Lonely Planet Writer

With an alcohol ban being considered, is the party over in Indonesia?

Indonesia’s tourist industry could be under threat as its parliament debates a full ban on alcohol.

Traditional balinese umbrellas on a beach bar in Seminyak.
Traditional balinese umbrellas on a beach bar in Seminyak. Image by Benjamin Malmaison/500px

Lawmakers in the country’s House of Representatives are debating a full ban on the consumption, production and distribution of alcohol in the Muslim-majority country. Leaders in Indonesia’s tourist industry have issued dire warnings about the consequences to the economy if a total ban goes ahead.

Speaking to the Jakarta Post, Hariyadi Sukamdani, the head of the Indonesian Hotel and Restaurant Association, said, “If the bill is passed, our business will be done. The tourists … drink alcohol all the time. It will be very inconvenient for them if they can’t find alcohol.” He noted that tourists were already complaining about the availability of alcohol after last year’s restrictions meant it was no longer available in mini-marts.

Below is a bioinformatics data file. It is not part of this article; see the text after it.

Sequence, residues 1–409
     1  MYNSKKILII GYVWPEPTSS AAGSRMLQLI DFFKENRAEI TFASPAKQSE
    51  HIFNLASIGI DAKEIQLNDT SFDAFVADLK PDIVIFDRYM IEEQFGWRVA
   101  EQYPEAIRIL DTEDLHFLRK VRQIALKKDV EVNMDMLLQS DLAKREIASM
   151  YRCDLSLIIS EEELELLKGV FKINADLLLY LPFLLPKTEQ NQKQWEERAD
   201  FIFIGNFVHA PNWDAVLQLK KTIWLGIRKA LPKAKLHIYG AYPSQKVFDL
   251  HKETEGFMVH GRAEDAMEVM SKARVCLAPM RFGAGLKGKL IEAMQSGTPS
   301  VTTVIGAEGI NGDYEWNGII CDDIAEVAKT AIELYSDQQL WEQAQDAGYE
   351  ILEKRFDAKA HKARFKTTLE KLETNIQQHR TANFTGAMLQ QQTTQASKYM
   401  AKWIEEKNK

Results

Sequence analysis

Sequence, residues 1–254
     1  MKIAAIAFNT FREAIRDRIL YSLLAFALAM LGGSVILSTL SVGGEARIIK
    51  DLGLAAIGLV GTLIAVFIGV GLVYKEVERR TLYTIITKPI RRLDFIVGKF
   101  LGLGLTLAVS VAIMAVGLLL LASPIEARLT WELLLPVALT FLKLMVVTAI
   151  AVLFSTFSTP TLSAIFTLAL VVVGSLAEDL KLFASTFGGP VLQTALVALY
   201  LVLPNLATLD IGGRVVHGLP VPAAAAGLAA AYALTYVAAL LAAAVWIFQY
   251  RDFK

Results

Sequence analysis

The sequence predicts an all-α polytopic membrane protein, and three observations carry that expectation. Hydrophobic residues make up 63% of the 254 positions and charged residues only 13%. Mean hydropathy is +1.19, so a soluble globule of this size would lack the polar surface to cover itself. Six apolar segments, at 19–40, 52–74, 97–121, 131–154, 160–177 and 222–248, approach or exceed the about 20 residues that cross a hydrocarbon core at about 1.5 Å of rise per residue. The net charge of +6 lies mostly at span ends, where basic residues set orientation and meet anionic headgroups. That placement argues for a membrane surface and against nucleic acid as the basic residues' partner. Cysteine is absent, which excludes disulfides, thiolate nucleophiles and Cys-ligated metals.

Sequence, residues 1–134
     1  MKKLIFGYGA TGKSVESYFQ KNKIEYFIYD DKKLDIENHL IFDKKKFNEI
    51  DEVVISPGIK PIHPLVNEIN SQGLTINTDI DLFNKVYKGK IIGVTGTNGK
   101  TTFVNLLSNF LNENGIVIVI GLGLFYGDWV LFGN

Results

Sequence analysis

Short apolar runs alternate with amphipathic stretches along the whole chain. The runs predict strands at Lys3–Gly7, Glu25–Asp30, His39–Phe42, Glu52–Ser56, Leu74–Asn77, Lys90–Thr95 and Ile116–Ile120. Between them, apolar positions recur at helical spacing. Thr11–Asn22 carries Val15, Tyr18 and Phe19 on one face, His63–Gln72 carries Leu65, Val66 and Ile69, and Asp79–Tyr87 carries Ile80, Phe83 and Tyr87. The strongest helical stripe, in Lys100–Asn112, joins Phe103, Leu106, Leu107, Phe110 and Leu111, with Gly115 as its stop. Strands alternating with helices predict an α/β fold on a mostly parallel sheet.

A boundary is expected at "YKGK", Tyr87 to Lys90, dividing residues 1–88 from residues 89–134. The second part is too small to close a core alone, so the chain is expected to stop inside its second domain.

Scenes like this could disappear under an alcohol ban in Indonesia
Teenagers attend a party in a nightclub during Australian “schoolies” celebrations following the end of the year 12 exams. Image by Agung Parameswara / Stringer

In addition to being bad for business, a potential ban on alcohol in Indonesia could lead to more alcohol bootlegging and lethal consequences for the tourists who consume it. Due to the high cost of importing liquor, there’s already a lucrative trade in bootleg liquor, leading to a number of high-profile incidents in recent years of tourists going blind or even dying after consuming alcohol with high levels of methanol.

Even if a nationwide alcohol ban doesn’t come into place, experts predict there will be changes. Provincial governments in the more conservative areas of East Java and North Sumatra could enforce a local ban on alcohol. With alcohol distributors and importers asking the government for compromise, it looks likely that more restrictions or regulations will come into place throughout the country.

Bali has long been a popular holiday destination but is an especially busy spot for young Australian travellers looking to party. It’s also home to several chic and bohemian bars for sipping a cocktail while watching the sunset, all of which will be watching the potential alcohol ban in Indonesia closely.